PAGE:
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Brain Injury & Substance Use

Issue 26

What to Know & Where to Find Help

Every 9 seconds, someone in the United States sustains a brain injury.

The Maine Centers for Disease Control estimates that about 5,000 Mainers experience a traumatic brain injury every year. But this does not include non-traumatic injuries like those caused by overdoses, strokes and infections, so the actual impact of brain injury in Maine is much greater.

An acquired brain injury is one that happens after birth and is not neurodegenerative in nature (like dementia or Alzheimer’s are). There are two types of acquired brain injuries:

• Traumatic injuries (often referred to as TBIs), caused by external factors

• Non-traumatic injuries, which are the result of internal causes

Another cause of non-traumatic brain injury is hypoxia or anoxia, which happens when the brain is deprived of oxygen. This type of injury can occur during a drug overdose, cardiac event, near drowning, choking or strangulation. Because many symptoms of these injuries are “invisible,” and there is a lack of awareness, especially around overdose and brain injury, sometimes people don’t receive a timely brain injury diagnosis.

In 90 percent of identified overdose cases in Maine, the person survives. But many survivors are never medically screened for aftereffects, including possible brain injury.

Several screening tools are free and available online, including the Ohio State University TBI Identification Method (OSU TBI-ID). Such tools do not give a final diagnosis but can indicate if someone should have follow-up testing or services.

Brain injuries can affect every aspect of a person’s being: physical, psychological, emotional, social – and everything in between. A person’s cognitive function, or how they think and process information, is often impacted by a brain injury.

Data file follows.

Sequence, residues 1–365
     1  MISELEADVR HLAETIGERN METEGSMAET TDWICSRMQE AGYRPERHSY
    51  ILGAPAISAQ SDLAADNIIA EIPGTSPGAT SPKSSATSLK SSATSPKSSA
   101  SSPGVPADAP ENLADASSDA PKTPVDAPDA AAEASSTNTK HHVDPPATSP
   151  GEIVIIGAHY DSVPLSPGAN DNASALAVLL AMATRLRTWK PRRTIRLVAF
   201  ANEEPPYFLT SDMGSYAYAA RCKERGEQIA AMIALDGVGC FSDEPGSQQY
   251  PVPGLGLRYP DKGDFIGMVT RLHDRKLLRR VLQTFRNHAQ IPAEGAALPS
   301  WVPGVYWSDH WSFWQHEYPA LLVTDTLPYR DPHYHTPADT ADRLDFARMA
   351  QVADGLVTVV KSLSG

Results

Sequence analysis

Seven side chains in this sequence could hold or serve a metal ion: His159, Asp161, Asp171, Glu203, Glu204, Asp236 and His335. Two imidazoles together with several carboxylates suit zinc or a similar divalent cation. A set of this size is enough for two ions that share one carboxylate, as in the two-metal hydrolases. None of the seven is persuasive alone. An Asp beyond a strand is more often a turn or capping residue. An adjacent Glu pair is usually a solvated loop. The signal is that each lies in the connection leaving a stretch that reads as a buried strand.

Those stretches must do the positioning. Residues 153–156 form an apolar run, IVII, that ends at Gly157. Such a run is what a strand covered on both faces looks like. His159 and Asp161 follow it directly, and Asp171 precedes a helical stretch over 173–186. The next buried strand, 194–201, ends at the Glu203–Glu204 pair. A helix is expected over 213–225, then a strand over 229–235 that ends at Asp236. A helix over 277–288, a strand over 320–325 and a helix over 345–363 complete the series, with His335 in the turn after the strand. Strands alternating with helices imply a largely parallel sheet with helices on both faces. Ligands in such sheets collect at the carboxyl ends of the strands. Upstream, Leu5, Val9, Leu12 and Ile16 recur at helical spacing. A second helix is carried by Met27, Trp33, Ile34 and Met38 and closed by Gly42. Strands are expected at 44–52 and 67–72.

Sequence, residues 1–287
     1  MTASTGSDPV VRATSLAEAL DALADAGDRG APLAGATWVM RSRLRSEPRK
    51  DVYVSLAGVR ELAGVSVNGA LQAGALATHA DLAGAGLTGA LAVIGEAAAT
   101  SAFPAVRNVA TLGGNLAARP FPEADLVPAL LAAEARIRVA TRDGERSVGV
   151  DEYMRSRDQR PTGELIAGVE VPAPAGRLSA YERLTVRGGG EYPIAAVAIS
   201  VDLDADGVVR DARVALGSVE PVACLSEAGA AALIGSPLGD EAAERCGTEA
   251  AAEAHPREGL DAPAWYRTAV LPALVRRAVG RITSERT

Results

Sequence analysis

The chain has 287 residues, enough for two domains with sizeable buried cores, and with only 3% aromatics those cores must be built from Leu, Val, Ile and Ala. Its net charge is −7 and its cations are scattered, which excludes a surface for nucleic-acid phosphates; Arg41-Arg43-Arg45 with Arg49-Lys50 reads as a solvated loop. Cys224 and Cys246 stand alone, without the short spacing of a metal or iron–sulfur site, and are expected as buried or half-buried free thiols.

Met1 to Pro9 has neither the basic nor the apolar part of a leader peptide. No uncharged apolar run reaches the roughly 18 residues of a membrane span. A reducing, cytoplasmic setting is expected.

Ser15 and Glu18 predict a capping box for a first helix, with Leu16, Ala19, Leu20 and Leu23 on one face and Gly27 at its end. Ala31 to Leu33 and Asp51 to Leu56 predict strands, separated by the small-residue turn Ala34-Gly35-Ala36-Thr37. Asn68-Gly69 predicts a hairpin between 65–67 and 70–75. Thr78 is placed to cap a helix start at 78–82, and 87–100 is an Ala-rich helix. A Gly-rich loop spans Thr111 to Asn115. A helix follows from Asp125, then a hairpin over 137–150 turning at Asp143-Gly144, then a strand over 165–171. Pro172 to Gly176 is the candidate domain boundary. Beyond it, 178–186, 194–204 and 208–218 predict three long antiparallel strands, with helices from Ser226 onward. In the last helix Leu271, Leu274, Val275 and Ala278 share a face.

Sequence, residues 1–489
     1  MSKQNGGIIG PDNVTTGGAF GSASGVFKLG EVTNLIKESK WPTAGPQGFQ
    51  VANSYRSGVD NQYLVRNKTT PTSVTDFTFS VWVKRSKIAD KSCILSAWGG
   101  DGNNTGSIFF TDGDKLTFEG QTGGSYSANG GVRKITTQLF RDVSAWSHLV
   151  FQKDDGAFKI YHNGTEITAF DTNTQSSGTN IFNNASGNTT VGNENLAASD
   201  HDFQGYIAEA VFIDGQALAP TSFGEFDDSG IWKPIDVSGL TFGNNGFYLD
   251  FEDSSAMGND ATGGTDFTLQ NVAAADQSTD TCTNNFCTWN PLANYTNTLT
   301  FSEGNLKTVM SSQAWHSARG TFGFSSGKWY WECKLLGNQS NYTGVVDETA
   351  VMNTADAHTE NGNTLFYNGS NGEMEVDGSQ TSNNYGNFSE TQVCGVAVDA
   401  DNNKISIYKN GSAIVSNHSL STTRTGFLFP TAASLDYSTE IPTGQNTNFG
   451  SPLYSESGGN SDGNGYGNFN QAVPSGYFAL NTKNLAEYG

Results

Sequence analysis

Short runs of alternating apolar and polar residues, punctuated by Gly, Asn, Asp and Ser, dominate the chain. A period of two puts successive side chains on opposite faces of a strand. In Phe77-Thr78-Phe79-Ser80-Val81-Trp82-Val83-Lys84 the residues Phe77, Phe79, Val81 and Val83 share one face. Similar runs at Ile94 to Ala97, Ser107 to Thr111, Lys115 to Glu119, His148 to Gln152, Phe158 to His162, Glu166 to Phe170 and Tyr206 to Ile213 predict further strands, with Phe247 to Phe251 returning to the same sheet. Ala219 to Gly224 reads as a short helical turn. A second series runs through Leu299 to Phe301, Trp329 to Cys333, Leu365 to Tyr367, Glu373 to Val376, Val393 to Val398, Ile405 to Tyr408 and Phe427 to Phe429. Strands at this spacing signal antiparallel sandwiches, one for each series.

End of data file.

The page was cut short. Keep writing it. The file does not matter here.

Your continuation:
Sometimes a person will have trouble remembering things, keeping track of their daily tasks, and planning, which are all part of our “executive functioning” skills. Impact to executive functioning can result in failed attempts at substance or mental health treatment and ongoing participation in high-risk activities. Once an individual sustains one brain injury, they are also at increased risk for additional injuries.

Other common symptoms of brain injury include: headaches, dizziness and balance issues, vision changes, vomiting, confusion, and inappropriate emotional responses. Some brain injury symptoms develop immediately, but others may take weeks or months to surface. Many brain injury survivors experience changes in their mood, personality, or behavior.

Ultimately, every brain injury is unique, and the symptoms one person has may look very different from someone else’s.

If you think you may have experienced a brain injury, it’s important to seek medical attention as soon as possible.

If you’re struggling with brain injury symptoms, you’re not alone. Maine has a robust network of brain injury support groups across the state: 20 groups are currently meeting virtually, in-person, and in hybrid formats. These groups are free to attend and an excellent way to connect with other brain injury survivors who understand what it is like.

Brain injury survivors are also at higher risk for mental health challenges, especially depression, anxiety and panic/phobic disorders. And severe TBI is associated with significantly increased rates of these disorders, as well conditions like obsessive compulsive disorder, PTSD, substance misuse, bipolar disorder, and schizophrenia.

If you’re experiencing mental health challenges, NAMI-Maine –800-464-5767 – is an excellent resource for local services and support.

If you or someone you know needs help navigating life after brain injury, please call BIAA-ME at 800-444-6443. We’re here to help.

The Brain Injury Association of America’s Maine Chapter (BIAA-ME) is here to help with navigating life after brain injury. BIAA-ME can help connect Maine brain injury survivors and their families to resources, services and support. BIAAME also offers longer-term, one-on-one support through NeuroResource Facilitation, and these services are FREE.

Brain Injury Association of Maine
Journey Team
Journey Team
The Journey Team is made up of writers, gatherers, creators and people with a passion to make recovery from addiction visible.
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